SEC adopts amendments on breakpoint disclosure
On May 26, 2004, the Securities and Exchange Commission (“SEC”) adopted amendments to Form N-1A under the Investment Company Act of 1940 (“1940 Act”), which will require a mutual fund to provide enhanced disclosure regarding breakpoint discounts on front-end sales loads.1 “Breakpoint” refers to the level of dollar investment in a mutual fund at which an investor may obtain a reduced sales load. The amendments are meant to ensure that investors more easily understand how breakpoints work and that they receive the breakpoint discounts to which they are entitled.
The breakpoint amendments grew out of SEC and National Association of Securities Dealers (“NASD”) concerns that investors were infrequently receiving breakpoint discounts. Regulators from both agencies, in conjunction with the New York Stock Exchange, conducted an examination sweep of 43 broker-dealers selling front-end sales load mutual funds, beginning in late 2002. The SEC and NASD brought enforcement actions against 15 brokerage firms for failure to deliver mutual fund breakpoint discounts. The firms have agreed to compensate customers for overcharges, to pay fines totaling more than $21.5 million, and to undertake other corrective measures.2 The SEC also asked the NASD, along with the Securities Industry Association and the Investment Company Institute, to form a joint task force to study ways to prevent breakpoint problems. The adopted amendments implement two of the task force’s recommendations.3 Specifically, the amendments require a mutual fund to:
- provide in its prospectus a brief description of arrangements resulting in sales load breakpoints, including a summary of eligibility requirements;
- describe in its prospectus the methods used to value accounts to determine whether a shareholder has met sales load breakpoints;
- state in its prospectus, if applicable, that to obtain a breakpoint, it may be necessary for shareholders to provide information and records such as account statements to a mutual fund or financial intermediary; and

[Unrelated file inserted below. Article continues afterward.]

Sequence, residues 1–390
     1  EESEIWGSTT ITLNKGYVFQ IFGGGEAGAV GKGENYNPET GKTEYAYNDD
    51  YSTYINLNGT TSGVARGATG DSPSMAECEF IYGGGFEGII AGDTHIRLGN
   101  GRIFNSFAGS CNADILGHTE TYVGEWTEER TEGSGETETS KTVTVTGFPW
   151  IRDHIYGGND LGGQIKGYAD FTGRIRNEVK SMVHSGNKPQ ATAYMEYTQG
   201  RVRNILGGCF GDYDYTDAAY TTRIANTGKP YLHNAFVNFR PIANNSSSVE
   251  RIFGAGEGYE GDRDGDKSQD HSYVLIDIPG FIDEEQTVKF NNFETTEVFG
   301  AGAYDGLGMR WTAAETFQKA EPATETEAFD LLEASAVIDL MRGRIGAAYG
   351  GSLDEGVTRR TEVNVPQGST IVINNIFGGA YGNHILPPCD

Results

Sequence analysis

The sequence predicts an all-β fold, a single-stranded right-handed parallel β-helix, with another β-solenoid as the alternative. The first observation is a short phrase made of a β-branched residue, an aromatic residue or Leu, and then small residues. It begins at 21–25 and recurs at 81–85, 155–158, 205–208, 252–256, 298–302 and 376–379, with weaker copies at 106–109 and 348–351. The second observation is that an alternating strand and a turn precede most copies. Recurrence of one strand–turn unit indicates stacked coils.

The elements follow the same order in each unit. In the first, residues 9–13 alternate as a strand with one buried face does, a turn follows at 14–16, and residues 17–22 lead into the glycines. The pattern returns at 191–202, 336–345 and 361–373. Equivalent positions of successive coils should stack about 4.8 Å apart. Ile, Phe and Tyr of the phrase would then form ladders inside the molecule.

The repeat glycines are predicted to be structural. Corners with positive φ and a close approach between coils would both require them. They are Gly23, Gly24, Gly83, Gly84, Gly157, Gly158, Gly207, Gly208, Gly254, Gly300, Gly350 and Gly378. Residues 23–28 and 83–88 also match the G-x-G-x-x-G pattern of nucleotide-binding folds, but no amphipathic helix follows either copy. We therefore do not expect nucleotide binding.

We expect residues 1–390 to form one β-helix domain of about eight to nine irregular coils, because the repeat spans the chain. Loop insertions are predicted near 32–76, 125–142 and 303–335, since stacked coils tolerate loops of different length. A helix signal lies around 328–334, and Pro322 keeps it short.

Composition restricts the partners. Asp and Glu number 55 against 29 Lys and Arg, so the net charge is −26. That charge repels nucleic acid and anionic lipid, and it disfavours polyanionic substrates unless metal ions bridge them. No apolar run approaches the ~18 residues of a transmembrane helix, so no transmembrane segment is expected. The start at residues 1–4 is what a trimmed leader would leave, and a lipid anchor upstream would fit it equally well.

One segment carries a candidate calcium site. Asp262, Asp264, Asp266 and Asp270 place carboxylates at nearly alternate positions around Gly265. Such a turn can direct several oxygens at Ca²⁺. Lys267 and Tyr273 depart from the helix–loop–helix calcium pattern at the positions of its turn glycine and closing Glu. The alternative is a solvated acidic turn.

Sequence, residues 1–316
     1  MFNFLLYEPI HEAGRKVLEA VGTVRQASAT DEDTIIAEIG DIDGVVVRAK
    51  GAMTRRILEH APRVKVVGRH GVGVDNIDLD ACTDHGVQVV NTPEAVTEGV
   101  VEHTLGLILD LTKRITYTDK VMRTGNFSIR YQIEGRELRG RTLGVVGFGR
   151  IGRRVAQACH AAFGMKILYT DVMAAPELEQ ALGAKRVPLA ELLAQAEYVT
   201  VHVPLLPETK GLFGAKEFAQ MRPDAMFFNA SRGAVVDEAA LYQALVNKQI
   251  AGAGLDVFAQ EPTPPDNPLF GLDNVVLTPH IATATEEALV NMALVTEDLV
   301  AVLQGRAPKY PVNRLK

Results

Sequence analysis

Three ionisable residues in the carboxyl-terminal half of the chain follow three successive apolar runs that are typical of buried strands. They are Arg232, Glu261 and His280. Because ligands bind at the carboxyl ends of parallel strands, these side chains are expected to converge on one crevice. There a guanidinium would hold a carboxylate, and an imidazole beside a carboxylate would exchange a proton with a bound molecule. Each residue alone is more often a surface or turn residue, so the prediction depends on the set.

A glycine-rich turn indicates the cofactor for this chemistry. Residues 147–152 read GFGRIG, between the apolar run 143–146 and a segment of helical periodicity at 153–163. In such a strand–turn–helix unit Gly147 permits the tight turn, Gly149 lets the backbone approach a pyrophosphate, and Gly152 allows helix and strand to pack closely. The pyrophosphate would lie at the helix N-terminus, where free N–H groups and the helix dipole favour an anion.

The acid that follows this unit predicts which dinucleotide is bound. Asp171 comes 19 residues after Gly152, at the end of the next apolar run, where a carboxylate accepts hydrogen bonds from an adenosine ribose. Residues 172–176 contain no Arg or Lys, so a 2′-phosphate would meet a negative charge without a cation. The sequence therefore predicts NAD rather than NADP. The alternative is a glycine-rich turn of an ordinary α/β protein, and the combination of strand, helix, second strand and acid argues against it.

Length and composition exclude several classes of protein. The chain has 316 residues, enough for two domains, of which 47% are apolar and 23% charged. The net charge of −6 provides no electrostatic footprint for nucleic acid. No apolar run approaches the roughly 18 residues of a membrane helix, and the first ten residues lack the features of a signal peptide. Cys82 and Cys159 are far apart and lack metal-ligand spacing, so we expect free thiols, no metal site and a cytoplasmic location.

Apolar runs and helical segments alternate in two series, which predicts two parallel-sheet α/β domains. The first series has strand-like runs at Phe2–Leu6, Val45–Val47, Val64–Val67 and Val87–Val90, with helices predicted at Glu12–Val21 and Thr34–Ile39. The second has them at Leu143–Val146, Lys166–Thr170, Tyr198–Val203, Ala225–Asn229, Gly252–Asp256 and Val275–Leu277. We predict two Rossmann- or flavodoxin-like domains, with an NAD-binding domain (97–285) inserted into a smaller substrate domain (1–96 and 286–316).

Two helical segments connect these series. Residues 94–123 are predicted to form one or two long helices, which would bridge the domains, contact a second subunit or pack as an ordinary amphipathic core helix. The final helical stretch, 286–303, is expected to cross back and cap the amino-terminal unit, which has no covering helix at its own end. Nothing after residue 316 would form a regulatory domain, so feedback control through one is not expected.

- state in its prospectus whether it makes information regarding breakpoints available on its Web site.
The SEC did not make online disclosure of breakpoint discounts mandatory, but Commissioners Goldschmid and Campos both suggested that Web-based breakpoint information could be useful. Paul Roye, director of the SEC’s Division of Investment Management, noted that Chairman Donaldson recently assembled an SEC staff task force to examine ways of using technology to improve disclosure. This same task force is drafting the outlines of a new surveillance program for mutual funds by examining the mutual fund reporting regime, looking at both the frequency of reporting to the Commission and the categories of information to be reported.
Funds must provide the breakpoint disclosure required by the amendments starting September 1, 2004.
Still pending are two proposed rules requiring broker-dealers to provide enhanced disclosure—at the point of sale and in transaction confirmations—regarding the costs and conflicts of interest associated with the distribution of mutual fund shares and other securities.4
1) Rel. No. 33-8427 (June 7, 2004).
2) Press Release: Fifteen Firms to Pay Over $21.5 Million in Penalties to Settle SEC and NASD Breakpoint Charges.
3) The SEC staff noted that industry participants are continuing to work on a central breakpoint schedule that would consolidate information from all funds on breakpoint requirements.
4) SEC Proposes New Confirmation and Point of Sale Disclosures, Financial Services Update No. 6 (Feb. 20, 2004).